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SAE J1939 in Linux


See also on Wikipedia.

SAE J1939 defines a higher layer protocol on CAN. It implements a more sophisticated addressing scheme and extends the maximum packet size above 8 bytes. Several derived specifications exists, which differ from the original j1939 on the application level, like MilCAN, NMEA2000 and especially ISO-11783 (ISOBUS). This last one specifies the so-called ETP (Extended Transport Protocol) which is has been included in this implementation. This inclusion results in a maximum packet size of ((2^24)-1)*7 bytes


  • SAE J1939-21 : data link layer
  • SAE J1939-81 : network management
  • ISO 11783-6  : Virtual Terminal (Extended Transport Protocol)


Support for SAE J1939 in Linux consists of 3 parts:

You probably want all 2 components to get a J1939 linux node working. The J1939 specific code resides in dedicated branches.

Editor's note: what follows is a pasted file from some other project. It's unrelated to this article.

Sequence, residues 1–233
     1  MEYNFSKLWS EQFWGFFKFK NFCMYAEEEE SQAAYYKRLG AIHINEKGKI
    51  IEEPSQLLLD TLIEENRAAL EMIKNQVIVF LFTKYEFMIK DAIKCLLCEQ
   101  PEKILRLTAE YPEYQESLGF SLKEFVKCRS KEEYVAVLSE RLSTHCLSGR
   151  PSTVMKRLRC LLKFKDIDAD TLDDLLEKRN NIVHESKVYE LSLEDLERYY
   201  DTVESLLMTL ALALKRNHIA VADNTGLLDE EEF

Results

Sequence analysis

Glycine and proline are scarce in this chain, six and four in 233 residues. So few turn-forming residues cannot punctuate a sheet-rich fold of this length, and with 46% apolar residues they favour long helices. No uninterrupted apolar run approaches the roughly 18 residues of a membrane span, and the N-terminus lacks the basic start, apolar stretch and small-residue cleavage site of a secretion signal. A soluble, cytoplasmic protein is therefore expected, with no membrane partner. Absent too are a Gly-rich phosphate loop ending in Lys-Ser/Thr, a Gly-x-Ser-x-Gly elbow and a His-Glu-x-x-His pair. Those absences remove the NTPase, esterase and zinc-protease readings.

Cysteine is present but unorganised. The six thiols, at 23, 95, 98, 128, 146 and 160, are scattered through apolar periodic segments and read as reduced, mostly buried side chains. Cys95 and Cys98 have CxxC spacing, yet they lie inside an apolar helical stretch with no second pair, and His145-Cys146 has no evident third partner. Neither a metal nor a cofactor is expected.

The final goal is to have these source trees mainlined.

Note that earlier versions needed a modified iproute2. This requirement has been dropped.


Build the kernel (necessary)

   $ git clone <yourfavoritelinuxkernel> linux
   $ cd linux
   $ git remote add j1939 git://github.com/kurt-vd/linux
   $ git remote update j1939
   $ git merge j1939/j1939d-vX.X
   $ make etc.

With j1939-vX.X the branch that matches the closest, but not higher, with your linux version.

Build can-j1939-utils (recommended)

   $ git clone git://github.com/kurt-vd/can-utils
   $ cd can-utils
   $ make etc.

Or you may merge the j1939 changes into any other can-utils version. This should be fairly simple.

If the branch of linux-can-j1939 that you merged into your kernel was for version 3.7 or higher, use the j1939-v6 branch of can-j1939-utils.

Getting Started with J1939

I prepared a good howto with example program on my github page.